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SOURCE Coalition of National Park Service Retirees, Washington, D.C.
Over 1 Million Visitors to Experience Cuts at 12 Leading National Parks; Coalition of National Park Service Retirees Once Again Gets Early Read on Impact of Sequestration/
WASHINGTON, Feb. 20, 2013 /PRNewswire-USNewswire/ -- Sequestration will cut visitor access to the rim of the Grand Canyon, significantly delay the spring opening of key portions of Yellowstone and Yosemite, reduce emergency response help for drivers in the Great Smoky Mountains, limit access to the beach at the Cape Cod National Seashore, and impair the experiences in many other ways for millions of visitors at America's national parks. In addition, local, regional and state economies that depend on national parks will take huge hits as visitors are either turned away or skip visits due to the impact of the mindless sequestration budget cuts.
According to new National Park Service (NPS) information acquired by the Coalition of National Park Service Retirees (CNPSR), details are now emerging for how sequestration-related cuts will be implemented in America's national parks. Late last month, CNPSR drew attention to the NPS sequester cuts when it published internal NPS memos outlining the total dollar cuts that would be imposed on individual national parks.
Now the specific impact of the sequestration meat-cleaver on America's national parks is becoming clearer and even more alarming.
Sequestration will result in a much reduced workforce, shutdowns of certain national park areas altogether or for extended period of times, closure of visitor centers and services, restrictions on the availability of campgrounds, visitor centers, comfort stations, and trail and other backcountry access. Additionally, the ability to respond to emergencies including wildland fires will be sharply reduced.
CNPSR Spokesperson, Joan Anzelmo, former Superintendent of Colorado National Monument said: "Congress might just as well put a big "Keep Out !" sign at the entrance to Yellowstone, Grand Canyon, Yosemite, the Cape Cod Seashore, and every other iconic national park in the U.S. This foolhardy path tarnishes America's 'crown jewels' and is a repudiation of the nation's national parks often touted as 'America's best idea'. Millions of Americans depend on national parks for their vacations and livelihood. Those Americans are being told that national parks don't count … that people who use national parks don't count … and that people who live and work near national parks don't count."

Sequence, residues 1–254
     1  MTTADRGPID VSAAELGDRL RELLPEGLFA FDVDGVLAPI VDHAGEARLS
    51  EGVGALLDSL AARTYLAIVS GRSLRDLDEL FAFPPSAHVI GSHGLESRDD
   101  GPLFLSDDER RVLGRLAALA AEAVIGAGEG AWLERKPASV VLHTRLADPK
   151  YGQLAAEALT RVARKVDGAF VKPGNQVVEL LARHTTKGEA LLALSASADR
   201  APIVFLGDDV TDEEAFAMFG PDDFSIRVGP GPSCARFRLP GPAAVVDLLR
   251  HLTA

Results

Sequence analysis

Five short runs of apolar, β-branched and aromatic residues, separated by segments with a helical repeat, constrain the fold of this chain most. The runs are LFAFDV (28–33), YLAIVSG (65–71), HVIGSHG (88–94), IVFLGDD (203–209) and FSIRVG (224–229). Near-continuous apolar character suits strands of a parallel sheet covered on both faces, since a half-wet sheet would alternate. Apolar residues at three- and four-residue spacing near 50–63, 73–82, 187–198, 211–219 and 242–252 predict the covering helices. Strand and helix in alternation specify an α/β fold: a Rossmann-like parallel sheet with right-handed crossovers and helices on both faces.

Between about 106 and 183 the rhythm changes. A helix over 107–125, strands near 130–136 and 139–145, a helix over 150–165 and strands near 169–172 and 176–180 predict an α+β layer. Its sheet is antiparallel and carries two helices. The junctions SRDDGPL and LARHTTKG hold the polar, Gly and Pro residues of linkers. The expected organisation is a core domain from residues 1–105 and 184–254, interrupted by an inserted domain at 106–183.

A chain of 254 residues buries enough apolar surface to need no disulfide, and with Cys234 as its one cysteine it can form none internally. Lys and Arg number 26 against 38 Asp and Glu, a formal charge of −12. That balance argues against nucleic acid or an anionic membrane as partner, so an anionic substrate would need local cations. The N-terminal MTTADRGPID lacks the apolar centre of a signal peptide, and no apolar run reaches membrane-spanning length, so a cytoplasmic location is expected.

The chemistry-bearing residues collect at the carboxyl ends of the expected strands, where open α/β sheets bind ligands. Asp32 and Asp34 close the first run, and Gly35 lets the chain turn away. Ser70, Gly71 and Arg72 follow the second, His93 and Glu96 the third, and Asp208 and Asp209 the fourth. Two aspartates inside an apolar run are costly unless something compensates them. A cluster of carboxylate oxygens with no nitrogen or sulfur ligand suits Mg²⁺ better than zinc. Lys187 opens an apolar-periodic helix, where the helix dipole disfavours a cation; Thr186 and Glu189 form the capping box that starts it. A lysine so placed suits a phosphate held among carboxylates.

New NPS information highlights the following specific cuts at major parks:
CNPSR obtained and made public a National Park Service (NPS) memo and related budget documents on January 31, 2013, revealing that planning is already underway for sequestration-related budget cuts that would sharply reduce the ranks of Park Rangers and also result in deep cuts in park hours and a host of other key services that park visitors expect to receive.
According to preliminary CNPSR estimates, a 5 percent cut under sequestration to the $2.2 billion that would be remaining in the final seven months of the NPS budget would require slashing $110 million. The total budget for all non-permanent park staffs is only $150 million. If the pain of the cuts was spread across non-permanent and permanent employees in parks, it would require cutting thousands of jobs or furloughing everyone for more than a month – roughly four and a half weeks.
Nationwide, national parks support local economies in a significant way, generating $31 billion in private sector spending and 258,000 private sector jobs each year. Many parks are located in rural areas that are very dependent on these expenditures to maintain a healthy economy. CNPSR pointed to these numbers as a noteworthy and positive impact on the national economy from an agency (NPS) that receives just 1/15th of 1 percent of the total federal budget (and declining).
The over 860 members of the Coalition of National Park Service Retirees are all former employees of the National Park Service with a combined 25,000 years of stewardship of America's most precious natural and cultural resources. In their personal lives, CNPSR members reflect the broad spectrum of skills and expertise that distinguished their National Park Service careers. CNPSR members now strive to apply their credibility and integrity as they speak out for national park solutions that uphold law and apply sound science. The Coalition counts among its members: former National Park Service deputy directors, regional directors, superintendents, park rangers and other career professionals who devoted an average of nearly 30 years each to protecting and interpreting America's national parks on behalf of the public. For more information, visit the CNPSR Web site at http://www.npsretirees.org.
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